Stereotypes & Sticking Out

Once upon a time, I swore I would never homeschool.

And the Lord laughed and laughed…

We’re in the second half of our fourth year of homeschooling and what a journey it’s been. I’ve mentioned frequently how thankful I am to be able to homeschool Little Miss & Little Man, and it’s a freedom I don’t take lightly.

When we started, though, I was a bit… adamant? Arrogant? Both?… that I would break the stereotype of a “typical” homeschool mom.

That first year I joined a group for first-timers, so I could pick up some homeschooling tips from the old pros. I wanted to homeschool well, but still avoid wearing denim skirts. Because, you know, that’s what all those other homeschool moms do.

One of the reasons I swore I would never homeschool was because of the stereotype I held in my head of what homeschoolers were. They were the bashful, quiet types, with large families, who wore denim skirts/dresses. Basically, Baptists.

(How many stereotypes have you counted so far…?!)

So when I joined this group, I wrestled and wrestled over what I would do during that first meeting. I didn’t want to make anyone else feel uncomfortable and I wanted to be welcoming and approachable even though I wasn’t “really one of them”.

Typing out this confession has me physically pained, I want you to know. I was such a fool.

That day I had worn jeans and a sweater as is my usual attire, no matter the season, and I thought it was uncouth for me to show up so casual. So I changed into a maxi skirt and french braided my hair before leaving for the meeting. I thought I would blend in, not stick out, and then once they got to know me, I could shock them less when I wore jeans and boots to a future gathering.

I drove off to the meeting of other first timer homeschooling moms and when I walked into that room, I stood out like a sore thumb.

And it serves me right.

When I walked into that room, I guarantee you every single one of the moms there turned to look at me and thought to herself, “Oh yeah, there is your typical homeschool mom…. There’s gotta be one in every group.”

They were the trendiest, cutest, with-it group of homeschool moms I had ever seen.

I WAS THE VERY STEREOTYPE I WAS TRYING TO AVOID. In my arrogance, I had played myself the fool.

And the Lord laughed and laughed…

We attend homeschool conventions, and yes, there are some who fit the stereotype of what I thought all homeschool moms were…. but there are also people who made their own mold, carved their own path, and decided to homeschool for reasons apart from their love of denim skirts.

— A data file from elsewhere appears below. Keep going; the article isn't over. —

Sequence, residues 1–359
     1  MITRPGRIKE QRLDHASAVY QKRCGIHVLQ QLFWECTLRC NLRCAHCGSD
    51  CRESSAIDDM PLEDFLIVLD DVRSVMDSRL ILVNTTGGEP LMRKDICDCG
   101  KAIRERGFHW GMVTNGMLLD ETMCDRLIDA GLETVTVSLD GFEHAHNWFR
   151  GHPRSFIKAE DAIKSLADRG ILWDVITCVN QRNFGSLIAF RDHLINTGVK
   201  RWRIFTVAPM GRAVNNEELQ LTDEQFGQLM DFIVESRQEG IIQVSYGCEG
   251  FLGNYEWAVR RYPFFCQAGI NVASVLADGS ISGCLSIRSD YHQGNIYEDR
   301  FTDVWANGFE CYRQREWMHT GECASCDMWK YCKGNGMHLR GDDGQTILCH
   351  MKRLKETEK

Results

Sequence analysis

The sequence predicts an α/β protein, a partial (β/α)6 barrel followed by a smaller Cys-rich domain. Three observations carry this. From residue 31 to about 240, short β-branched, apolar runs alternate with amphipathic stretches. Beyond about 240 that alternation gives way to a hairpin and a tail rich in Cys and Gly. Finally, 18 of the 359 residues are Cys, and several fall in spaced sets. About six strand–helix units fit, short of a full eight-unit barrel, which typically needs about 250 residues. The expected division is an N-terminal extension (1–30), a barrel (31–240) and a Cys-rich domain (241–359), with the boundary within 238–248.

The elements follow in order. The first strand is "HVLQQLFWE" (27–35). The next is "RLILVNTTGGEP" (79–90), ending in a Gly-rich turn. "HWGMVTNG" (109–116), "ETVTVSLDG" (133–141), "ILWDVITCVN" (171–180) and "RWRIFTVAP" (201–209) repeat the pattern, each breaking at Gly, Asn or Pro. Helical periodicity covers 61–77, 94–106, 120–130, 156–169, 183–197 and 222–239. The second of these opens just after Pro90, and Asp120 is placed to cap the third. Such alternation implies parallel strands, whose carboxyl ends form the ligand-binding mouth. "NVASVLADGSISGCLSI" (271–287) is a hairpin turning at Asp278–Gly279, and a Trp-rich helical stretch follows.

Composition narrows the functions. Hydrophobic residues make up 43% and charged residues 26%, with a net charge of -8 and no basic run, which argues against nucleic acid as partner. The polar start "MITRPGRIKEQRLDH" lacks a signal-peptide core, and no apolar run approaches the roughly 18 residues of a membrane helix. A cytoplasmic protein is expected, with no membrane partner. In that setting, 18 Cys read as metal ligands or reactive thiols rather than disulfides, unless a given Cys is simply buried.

I have friends who were homeschooling at the time, or even long before, we started, and none. of. them. fit that “stereotype” I clung so tightly to, yet I still thought in my mind that other homeschool moms – with the exception of my friends – were hair-bun, ankle-length-skirt, just-shy-of-Amish type mothers.

I left that first meeting incredibly humbled, and embarrassed of myself.

But just like in homeschooling, everything is a teachable moment. I learned a lot about the stereotypes I hold, the reasons I need to let them go, and that I am not so much different from other homeschooling moms, no matter the wardrobe camp they fall in to.

We all have a desire to instill the best in our children; in their education, their character, and their world-view.

So as we round out another homeschool year, I want to tell you I am not so naive as I once was about the types of people who homeschool – because there are too many to lump into a single group.

I also want to tell you it’s not lost on me how funny it is I’ve since become a head-covering-wearing, make-up-free woman, because those definitely fit the aged stereotype of homeschool moms….

I’m still not to the denim-skirt wearing stage, but if I ever end up there, I will embrace it with dignity and gratitude because homeschooling isn’t about what I wear or what style I have (or in my case, lack).

It’s about taking full advantage of the blessing of family, of teaching my kids everything I possibly can, and not getting caught up in the stereotypes of what that may look like to others.

Now if you’ll excuse me, I need to braid my hair and give the kids a lesson in sourdough baking.

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